Information and ease of use are key barriers to reaching more youth and families with social services.
That’s why the City of New York partnered with Blue State Digital to build Growing Up NYC. The platform offers information on programs, resources, and activities for young people throughout the city, along with descriptions, eligibility requirements, and information on how residents can apply and get access to the right services.
Six principles for meeting residents’ needs
Before they partnered with Blue State Digital to build the first iteration of the site, the City had already built a prototype of Growing Up NYC — they had defined the functionality, but had not yet developed the form. Together, we navigated an agile development process, which included testing in parallel to development, and maintaining a close partnership among the design, UX, and development disciplines.
While it was important to get the product to launch quickly, it was even more important to make sure it would actually be useful to real NYC residents. Six key principles guided our work:
1) Organize Content Around The Audience’s Needs
City government is enormous and complex; there are over 340 unique nyc.gov websites. However, residents don’t tend to think about government services based on departments or initiatives — they think about the services they need given their interests and preferences. It’s more important to the user that there’s a platform that addresses their needs than for them to know which department or agency they’re engaging.
The Growing Up NYC program spans various parts of the City government. We were able to create seamless services that feel simple and intuitive by planning together and assigning one project lead, rather than having the structure of the government dictate the user experience. We spent a lot of time with taxonomies, prioritizing features and thinking about how users are going to search for and use content.
2) Design For Mobile
Mobile devices have quickly become the primary tools city residents use to access key digital services. This is especially true for Growing Up NYC’s target audience, which tends to use mobile devices as their sole point of internet access. Knowing that the mobile version of the platform would likely be the main way our audience would experience the platform, we designed the site for mobile first. Once we were happy with the mobile design, we worked on translating it into a desktop experience. Almost a year since launch, we’ve confirmed our assumption, with over 80% of users accessing the site on a mobile device.
3) Make Services Accessible
All residents need dignified access to City services, regardless of their abilities or language preferences. That’s why we continually tested not only the interaction and design of Growing Up NYC, but the language used to describe programs and events on the site.
In addition to testing text size and making pages fully compliant with screen readers, we also tested the accessibility of our language and navigation during prototyping. We employed design-based cues to categorize and contextualize information, including using iconography and colors to denote various age groups, types of benefit programs, and events.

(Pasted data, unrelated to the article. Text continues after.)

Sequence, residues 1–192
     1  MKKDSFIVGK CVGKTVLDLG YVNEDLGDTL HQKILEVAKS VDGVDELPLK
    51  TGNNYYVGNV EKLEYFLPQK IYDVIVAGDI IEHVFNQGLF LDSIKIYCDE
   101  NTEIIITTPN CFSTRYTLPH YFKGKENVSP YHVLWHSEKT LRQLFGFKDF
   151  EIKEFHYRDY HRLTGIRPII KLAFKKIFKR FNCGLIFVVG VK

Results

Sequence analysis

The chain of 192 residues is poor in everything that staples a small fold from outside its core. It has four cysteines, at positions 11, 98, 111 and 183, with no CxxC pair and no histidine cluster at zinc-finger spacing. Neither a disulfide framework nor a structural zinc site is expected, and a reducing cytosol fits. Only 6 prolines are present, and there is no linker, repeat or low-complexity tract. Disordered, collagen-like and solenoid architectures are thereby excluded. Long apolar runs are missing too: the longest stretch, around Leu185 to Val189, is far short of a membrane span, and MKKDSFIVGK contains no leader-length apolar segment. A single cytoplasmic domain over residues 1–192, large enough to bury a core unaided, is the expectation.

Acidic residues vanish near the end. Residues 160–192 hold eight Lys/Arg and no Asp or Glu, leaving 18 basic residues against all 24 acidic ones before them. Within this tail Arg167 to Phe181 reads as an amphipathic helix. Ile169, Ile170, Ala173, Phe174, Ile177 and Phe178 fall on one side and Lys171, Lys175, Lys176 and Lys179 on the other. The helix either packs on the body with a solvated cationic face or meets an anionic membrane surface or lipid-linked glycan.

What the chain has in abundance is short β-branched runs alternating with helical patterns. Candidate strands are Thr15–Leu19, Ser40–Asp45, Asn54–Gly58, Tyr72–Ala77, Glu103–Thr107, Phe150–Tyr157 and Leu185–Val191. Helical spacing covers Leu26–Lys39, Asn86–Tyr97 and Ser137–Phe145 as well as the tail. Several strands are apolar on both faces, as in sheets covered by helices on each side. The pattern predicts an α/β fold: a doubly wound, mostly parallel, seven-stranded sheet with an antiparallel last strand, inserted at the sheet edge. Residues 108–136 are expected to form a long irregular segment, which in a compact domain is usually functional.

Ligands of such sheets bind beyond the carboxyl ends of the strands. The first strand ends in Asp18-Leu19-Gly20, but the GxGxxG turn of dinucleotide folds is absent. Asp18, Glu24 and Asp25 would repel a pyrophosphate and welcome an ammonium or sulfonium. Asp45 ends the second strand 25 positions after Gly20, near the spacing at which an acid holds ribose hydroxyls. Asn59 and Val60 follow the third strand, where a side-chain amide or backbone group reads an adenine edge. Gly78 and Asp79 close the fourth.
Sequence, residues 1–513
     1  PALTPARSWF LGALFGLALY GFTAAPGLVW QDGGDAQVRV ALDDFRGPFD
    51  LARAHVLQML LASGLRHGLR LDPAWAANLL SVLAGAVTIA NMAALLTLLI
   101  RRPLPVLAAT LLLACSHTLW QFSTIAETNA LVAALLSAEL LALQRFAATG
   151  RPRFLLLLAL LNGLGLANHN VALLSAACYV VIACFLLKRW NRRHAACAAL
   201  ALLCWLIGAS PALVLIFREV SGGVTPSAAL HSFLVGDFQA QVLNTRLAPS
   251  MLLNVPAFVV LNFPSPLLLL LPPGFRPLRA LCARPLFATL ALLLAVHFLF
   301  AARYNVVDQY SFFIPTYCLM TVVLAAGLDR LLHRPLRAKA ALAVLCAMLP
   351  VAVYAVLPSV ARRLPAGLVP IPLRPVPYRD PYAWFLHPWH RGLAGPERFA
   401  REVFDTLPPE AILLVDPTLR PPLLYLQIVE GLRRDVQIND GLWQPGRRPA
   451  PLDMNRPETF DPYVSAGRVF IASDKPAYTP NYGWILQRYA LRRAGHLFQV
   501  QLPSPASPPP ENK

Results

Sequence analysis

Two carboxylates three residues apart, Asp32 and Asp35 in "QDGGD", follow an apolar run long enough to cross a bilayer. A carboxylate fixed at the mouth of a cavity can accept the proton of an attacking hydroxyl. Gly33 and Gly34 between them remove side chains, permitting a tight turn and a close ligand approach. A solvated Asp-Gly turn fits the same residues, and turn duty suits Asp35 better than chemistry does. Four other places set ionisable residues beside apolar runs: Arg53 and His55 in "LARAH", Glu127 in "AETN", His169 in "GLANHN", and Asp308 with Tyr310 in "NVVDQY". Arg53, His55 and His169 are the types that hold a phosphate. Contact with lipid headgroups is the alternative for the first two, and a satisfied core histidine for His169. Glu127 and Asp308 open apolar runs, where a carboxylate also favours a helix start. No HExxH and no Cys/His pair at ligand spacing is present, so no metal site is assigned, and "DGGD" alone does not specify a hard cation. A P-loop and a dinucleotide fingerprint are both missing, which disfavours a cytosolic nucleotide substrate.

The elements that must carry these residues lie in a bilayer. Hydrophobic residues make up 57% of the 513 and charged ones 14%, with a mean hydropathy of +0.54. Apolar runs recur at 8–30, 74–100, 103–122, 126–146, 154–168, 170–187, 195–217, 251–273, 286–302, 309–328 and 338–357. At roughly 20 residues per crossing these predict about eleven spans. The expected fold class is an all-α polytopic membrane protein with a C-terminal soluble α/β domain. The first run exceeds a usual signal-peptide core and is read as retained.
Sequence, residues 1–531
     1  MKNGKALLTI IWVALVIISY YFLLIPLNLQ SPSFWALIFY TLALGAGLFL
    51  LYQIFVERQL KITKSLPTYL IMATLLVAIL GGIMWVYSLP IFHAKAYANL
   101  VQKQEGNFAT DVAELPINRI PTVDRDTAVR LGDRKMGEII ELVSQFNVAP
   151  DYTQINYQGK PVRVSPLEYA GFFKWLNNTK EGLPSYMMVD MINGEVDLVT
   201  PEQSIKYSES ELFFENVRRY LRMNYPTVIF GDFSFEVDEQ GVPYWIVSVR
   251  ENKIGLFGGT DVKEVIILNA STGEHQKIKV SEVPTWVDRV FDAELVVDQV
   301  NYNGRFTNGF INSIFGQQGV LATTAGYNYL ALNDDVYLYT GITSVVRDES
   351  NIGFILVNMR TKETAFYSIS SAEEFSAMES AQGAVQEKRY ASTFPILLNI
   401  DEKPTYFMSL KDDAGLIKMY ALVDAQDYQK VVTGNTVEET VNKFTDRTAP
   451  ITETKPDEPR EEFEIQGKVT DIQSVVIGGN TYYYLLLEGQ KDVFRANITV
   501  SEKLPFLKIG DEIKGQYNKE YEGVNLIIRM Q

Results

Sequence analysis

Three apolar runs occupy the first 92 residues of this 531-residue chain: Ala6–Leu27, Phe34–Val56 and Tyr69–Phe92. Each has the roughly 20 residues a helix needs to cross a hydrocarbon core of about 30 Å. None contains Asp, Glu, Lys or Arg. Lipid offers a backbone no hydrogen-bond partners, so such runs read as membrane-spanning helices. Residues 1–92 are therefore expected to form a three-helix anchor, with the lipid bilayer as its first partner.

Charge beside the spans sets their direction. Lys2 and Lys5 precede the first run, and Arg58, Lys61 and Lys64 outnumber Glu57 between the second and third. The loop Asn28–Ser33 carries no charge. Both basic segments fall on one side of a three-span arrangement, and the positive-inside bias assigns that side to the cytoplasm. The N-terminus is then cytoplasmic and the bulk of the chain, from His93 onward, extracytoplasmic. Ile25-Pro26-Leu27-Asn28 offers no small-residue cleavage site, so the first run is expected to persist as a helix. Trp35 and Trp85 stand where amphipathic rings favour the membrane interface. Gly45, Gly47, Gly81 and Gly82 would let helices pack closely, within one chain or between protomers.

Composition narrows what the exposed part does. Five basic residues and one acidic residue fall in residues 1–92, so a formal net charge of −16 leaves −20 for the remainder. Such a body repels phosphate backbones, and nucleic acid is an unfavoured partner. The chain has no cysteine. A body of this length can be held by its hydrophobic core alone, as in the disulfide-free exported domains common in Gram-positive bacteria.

We’ve also begun to localize the site in NYC’s local languages, starting with Spanish. While still in progress, there has been a lot of thought around challenges presented by multilingual support, such as right-to-left languages and search functionality.
4) Test with Residents
Human-centered design means considering the needs, motivations, frustrations, and desires of users at every phase of a project, rather than ticking off boxes on a pre-determined list of features. The only way for us accomplish that was to involve real New Yorkers in deciding what to build and how to build it.
As part of our agile process, we were testing our builds with city residents in parallel to development throughout the project. We went where our target users were: libraries. We recruited testers on the spot, using city swag as an incentive. Members from design, UX, tech, and product (from both the City and Blue State Digital side) attended so that the full team could observe and learn firsthand and move quickly using that information.
5) Collaborate With Civic Institutions
Successful services combine digital offerings with access points in the physical city — part of the reason we conducted our testing at libraries was to make sure we were incorporating the opinions of residents who already take advantage of civic institutions. Integrated services empower diverse New Yorkers with access to information and resources and strengthen bonds between residents — online and in real life. To integrate Growing Up NYC with existing institutions, we built the taxonomies that govern our event listings around pre-existing park and library calendars.
6) Work With Design And Technology Partners
The City doesn’t have to do it all on its own. Community and technology partners can help develop and implement effective services. Joining forces with public-minded partners can make service delivery more effective for New Yorkers and more efficient for the government.
What we learned
This project came to life because of trust — and transparency. The final product was shaped by rigorous testing and the needs of the residents who would eventually benefit from the program.
Using these principles, Blue State Digital and the City were able to build a “minimum viable product” version of the site in three months. This timing allowed it to launch alongside new policy frameworks and non-digital marketing efforts aimed to reach more parents and children. Growing Up NYC also now serves as a centralized data source for programs and benefits that can be used across all access points to that information.